Feeling the same about the adoption rate of Grunt in Yeoman. Could see this really becoming a problem, especially considering the pace at which both are progressing. Not entirely sure I'd want to use that as a foundation right now, and risk lock-in on an old Grunt version. Especially when most of the benefit I see in such a tool/framework lies in its ecosystem.
For now my experience has been one of stripping down Yeoman-functionality in places where I wanted to customize the process, to a degree where it feels like it'd be better to just start with Grunt as a baseline from the start.
And especially Re: Brand:
I feel the main problem with drawing the line in Yeoman right now is the fact that it uses Grunt for it's init-tasks / generators as well as a part of the generated project, for you to use. I'm still starting out with both tools, but to me it feels like those two layers should be separated. E.g. using 'yeoman init *' to generate a project (I wouldn't really care if it uses Grunt in the background, or not. And in an ideal world I shouldn't have to) and direct grunt-tasks inside the generated project.
Right now Yeoman hijacks some behavior by Grunt to overwrite it with its own, and this seems to be the main confusion, at least for me, right now. Especially as those overwritten tasks are prone to compatibility-issues with plugins / tasks from the Grunt-ecosystem.
But may very well be me still not understanding Yeoman to its full extent yet.
Related discussion happening in yeoman/yeoman#297.
This is exactly what I've been doing with the grunt-contrib series for the past several months. We've seen tons of developer participation. Grunt 0.4 (coming soon, for real!) will also be going this route; we've pulled all the tasks out of the core and into the contrib project.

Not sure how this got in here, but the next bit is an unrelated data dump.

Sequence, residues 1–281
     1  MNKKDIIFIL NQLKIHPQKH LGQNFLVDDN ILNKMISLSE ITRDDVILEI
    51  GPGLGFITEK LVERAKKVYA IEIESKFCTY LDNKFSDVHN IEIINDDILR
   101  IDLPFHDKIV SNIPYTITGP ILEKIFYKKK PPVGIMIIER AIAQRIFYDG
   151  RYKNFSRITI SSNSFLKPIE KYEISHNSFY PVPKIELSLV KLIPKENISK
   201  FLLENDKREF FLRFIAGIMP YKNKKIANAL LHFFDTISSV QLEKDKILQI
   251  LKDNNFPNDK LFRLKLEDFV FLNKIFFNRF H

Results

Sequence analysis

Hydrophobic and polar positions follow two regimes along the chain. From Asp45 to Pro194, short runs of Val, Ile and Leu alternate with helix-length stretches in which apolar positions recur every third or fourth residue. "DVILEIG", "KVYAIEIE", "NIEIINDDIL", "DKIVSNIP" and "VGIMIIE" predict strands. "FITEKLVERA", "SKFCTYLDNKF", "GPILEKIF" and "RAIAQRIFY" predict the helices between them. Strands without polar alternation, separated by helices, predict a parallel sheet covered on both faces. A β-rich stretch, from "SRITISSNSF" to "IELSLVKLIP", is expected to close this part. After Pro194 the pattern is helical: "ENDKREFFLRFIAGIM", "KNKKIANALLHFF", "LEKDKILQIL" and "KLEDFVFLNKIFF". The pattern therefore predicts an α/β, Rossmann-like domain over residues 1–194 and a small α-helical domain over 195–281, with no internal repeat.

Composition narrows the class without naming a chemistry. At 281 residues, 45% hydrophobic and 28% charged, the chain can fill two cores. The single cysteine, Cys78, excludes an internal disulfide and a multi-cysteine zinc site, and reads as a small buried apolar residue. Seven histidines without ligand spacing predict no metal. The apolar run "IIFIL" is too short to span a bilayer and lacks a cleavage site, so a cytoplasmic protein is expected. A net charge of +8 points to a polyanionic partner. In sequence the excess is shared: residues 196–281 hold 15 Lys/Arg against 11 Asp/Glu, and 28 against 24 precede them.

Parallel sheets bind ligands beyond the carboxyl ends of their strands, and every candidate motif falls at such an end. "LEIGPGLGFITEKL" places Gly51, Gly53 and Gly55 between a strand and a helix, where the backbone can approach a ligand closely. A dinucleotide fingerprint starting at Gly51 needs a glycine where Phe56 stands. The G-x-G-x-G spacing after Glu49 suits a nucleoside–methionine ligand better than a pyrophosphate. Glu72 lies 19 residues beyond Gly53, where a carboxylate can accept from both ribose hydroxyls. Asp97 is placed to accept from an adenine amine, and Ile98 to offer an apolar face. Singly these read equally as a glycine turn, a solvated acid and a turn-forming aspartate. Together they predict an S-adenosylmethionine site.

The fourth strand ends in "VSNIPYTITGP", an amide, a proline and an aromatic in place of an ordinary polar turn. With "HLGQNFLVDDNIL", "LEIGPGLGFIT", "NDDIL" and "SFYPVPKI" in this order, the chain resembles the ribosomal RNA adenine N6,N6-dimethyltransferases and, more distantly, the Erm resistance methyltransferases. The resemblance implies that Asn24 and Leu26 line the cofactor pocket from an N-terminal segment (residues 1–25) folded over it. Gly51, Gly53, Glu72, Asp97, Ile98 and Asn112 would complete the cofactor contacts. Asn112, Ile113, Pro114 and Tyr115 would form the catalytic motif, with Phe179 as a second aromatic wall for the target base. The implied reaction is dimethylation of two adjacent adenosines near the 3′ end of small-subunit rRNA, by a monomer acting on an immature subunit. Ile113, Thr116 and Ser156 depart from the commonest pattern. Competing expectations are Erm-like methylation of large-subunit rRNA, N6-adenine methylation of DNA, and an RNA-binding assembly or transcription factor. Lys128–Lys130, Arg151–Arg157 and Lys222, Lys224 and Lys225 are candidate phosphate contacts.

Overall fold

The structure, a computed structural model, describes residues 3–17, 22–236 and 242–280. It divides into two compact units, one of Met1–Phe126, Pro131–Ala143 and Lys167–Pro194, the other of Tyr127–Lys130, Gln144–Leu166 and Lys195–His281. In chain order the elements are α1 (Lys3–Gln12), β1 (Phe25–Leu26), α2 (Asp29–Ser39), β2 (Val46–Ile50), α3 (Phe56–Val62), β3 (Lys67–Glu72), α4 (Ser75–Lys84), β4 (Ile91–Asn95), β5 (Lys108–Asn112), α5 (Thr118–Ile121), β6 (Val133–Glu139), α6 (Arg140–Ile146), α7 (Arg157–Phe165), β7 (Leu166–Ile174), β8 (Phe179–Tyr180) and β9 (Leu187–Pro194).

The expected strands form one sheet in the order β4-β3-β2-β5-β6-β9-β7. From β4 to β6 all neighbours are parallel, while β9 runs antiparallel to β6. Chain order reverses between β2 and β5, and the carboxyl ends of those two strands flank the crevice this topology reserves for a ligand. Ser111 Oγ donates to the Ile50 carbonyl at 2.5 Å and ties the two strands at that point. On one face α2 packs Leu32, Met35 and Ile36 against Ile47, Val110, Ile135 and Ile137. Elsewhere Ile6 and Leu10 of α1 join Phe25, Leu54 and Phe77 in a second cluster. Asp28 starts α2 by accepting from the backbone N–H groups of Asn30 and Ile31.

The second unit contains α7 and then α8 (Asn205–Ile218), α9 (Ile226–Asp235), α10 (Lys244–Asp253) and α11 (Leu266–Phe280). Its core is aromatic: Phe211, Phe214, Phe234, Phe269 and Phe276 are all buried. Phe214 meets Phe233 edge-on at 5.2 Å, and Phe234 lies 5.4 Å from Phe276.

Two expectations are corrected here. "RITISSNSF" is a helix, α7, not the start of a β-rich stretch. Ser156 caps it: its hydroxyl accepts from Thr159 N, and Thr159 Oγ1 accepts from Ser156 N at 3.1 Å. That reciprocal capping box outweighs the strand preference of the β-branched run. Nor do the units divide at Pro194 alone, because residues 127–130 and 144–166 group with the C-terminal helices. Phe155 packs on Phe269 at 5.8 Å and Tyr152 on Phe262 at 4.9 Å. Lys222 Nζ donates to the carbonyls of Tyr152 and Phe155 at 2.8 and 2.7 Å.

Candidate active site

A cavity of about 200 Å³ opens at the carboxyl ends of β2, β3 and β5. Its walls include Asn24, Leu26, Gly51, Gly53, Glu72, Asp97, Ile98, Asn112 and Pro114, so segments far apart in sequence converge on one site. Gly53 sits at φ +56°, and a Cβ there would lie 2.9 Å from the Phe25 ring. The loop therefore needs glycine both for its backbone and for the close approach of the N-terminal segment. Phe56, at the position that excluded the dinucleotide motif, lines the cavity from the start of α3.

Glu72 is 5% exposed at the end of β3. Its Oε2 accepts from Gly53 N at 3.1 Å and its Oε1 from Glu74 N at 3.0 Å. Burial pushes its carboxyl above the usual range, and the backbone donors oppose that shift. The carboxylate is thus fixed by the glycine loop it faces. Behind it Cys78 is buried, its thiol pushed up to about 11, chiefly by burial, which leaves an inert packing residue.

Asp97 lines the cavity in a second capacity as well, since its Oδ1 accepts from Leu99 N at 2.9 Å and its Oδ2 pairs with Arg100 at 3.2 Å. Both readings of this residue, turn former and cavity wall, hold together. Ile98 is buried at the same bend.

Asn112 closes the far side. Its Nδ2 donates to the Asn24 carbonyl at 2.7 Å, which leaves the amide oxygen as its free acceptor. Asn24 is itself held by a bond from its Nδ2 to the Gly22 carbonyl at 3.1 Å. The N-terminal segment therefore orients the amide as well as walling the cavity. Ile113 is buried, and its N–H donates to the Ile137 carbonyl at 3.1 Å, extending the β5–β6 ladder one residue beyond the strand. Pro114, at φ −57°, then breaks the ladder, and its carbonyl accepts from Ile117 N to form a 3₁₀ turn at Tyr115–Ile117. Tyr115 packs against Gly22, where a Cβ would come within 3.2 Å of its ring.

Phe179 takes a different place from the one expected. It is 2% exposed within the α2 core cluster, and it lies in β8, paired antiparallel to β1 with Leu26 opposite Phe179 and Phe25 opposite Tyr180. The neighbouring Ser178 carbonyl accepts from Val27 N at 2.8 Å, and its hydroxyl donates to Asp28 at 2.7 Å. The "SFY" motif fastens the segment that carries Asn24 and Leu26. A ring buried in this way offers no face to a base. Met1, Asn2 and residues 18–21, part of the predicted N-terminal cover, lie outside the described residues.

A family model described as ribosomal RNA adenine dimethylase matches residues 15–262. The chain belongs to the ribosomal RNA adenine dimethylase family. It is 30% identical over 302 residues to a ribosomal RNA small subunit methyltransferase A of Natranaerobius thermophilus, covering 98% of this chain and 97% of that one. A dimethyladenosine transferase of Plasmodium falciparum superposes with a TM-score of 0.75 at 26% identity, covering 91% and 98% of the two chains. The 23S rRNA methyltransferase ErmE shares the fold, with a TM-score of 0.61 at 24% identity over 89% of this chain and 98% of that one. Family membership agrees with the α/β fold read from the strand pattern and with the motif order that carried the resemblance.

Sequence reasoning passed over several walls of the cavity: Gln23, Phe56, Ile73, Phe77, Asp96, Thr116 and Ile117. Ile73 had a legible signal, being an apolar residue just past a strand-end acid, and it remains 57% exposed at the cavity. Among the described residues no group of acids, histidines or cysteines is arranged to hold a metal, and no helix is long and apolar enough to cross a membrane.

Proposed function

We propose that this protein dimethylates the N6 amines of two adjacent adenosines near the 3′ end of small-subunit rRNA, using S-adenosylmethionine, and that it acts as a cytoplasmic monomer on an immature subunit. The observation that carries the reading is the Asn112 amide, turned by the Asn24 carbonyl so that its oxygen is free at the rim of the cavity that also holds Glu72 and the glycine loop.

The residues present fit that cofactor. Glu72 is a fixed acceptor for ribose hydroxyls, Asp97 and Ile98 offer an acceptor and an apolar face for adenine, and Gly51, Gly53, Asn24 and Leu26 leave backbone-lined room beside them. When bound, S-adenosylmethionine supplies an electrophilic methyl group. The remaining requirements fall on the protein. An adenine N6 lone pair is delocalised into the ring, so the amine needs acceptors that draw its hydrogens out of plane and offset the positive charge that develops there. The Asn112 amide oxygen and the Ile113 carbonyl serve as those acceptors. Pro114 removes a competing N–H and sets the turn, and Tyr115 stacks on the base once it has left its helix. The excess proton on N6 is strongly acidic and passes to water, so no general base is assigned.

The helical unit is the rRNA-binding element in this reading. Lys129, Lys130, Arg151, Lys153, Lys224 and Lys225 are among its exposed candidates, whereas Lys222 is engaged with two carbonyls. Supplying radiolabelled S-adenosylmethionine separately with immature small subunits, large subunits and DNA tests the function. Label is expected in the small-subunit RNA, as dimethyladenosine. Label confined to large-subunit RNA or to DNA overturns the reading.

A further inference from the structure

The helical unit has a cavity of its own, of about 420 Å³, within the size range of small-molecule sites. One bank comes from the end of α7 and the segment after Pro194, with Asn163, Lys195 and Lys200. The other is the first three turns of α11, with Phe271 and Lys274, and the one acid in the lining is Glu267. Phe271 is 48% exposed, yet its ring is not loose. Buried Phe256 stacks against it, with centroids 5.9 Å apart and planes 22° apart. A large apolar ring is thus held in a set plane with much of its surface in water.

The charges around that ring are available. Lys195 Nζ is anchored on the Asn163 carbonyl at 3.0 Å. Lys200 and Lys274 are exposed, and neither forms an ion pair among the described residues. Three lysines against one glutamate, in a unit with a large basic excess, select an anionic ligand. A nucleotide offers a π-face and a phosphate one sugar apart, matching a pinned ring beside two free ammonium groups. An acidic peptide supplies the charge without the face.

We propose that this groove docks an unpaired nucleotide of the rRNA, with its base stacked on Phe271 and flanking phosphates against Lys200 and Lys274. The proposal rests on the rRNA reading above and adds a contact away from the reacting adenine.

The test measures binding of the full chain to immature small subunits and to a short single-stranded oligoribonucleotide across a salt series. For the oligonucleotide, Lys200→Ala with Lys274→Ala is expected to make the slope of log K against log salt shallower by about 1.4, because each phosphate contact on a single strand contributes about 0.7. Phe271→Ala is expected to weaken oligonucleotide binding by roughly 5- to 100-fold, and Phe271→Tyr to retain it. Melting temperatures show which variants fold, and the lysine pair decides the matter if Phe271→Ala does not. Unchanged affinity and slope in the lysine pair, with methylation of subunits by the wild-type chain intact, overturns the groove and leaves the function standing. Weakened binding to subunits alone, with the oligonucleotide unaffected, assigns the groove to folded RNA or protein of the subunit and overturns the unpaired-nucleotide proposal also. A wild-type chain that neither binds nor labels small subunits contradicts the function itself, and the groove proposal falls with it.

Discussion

The issue of how to deal with init tasks remains, but we're going to get some systems set up that make it possible to build an ecosystem around those too.
Okay! Big delay on getting back to this thread...
To exonerate myself slightly, I was a vocal proponent of grunt-contrib from the early days and have seen (and still do) see it as the place for all best-in-class tasks to live. This provides enormous benefit for all users.
On to yeoman. the yeoman team met with the grunt team yesterday. full meeting notes here
As for this topic in particular:
gotta run! ✈️
Sounds awesome congrats to @sindresorhus for the OSS gig 👍
❤️ ❤️ ❤️
This sounds really promising! Thanks for combining the efforts!
Proposal for future direction of Yeoman
Feedback please! :)
Revised proposal published to the mailinglist
Looks good to me ;0
I'm somewhat concerned from the differences between the current proposal posted by @sindresorhus on Nov 8th and the @paulirish meeting notes from Oct 18th. In the meeting notes, it seems that the goal for Yeoman was to focus on the generators, with consolidating workflow a consequence of that. From the current proposal, it looks more like the focus is on wrapping grunt, npm, and bower, pushing the generators into grunt:init. If that's the approach, that's fine, but seems to put Yeoman right back where it is now. I've posted my detailed concerns on the mailing list.
tl;dr: Yeoman as a generator is great. Yeoman as a tool to wrap the cli package and build tools is useless.
I think you're missing a detail here David. Yeoman plans to completely subsume grunt-init, not upstream generators to it. When that happens, grunt init goes away. Then you'll be able to use Yeoman for scaffolding and Grunt for your build process.
I share your concerns about Yeoman trying to be a monolithic-do-everything tool, but given the decoupling that will happen internally with the next release, it doesn't seem like that big of a deal? Don't use the wrapped commands, whatever they might be.
Awesome! That's what I thought from Paul's post, but didn't come across in Sindre's post. I apologize for the confusion, and look forward to see where Yeoman takes the generation tasks.
I feel like this discussion was really helpful and motivated a lot of positive change, so I'm closing it!
Where is the best place to discuss this issue going forward (prior to the transition)? Yeoman Issues, Grunt Issues, Google Groups or somewhere else? thx
awesome, thx for the fast reply!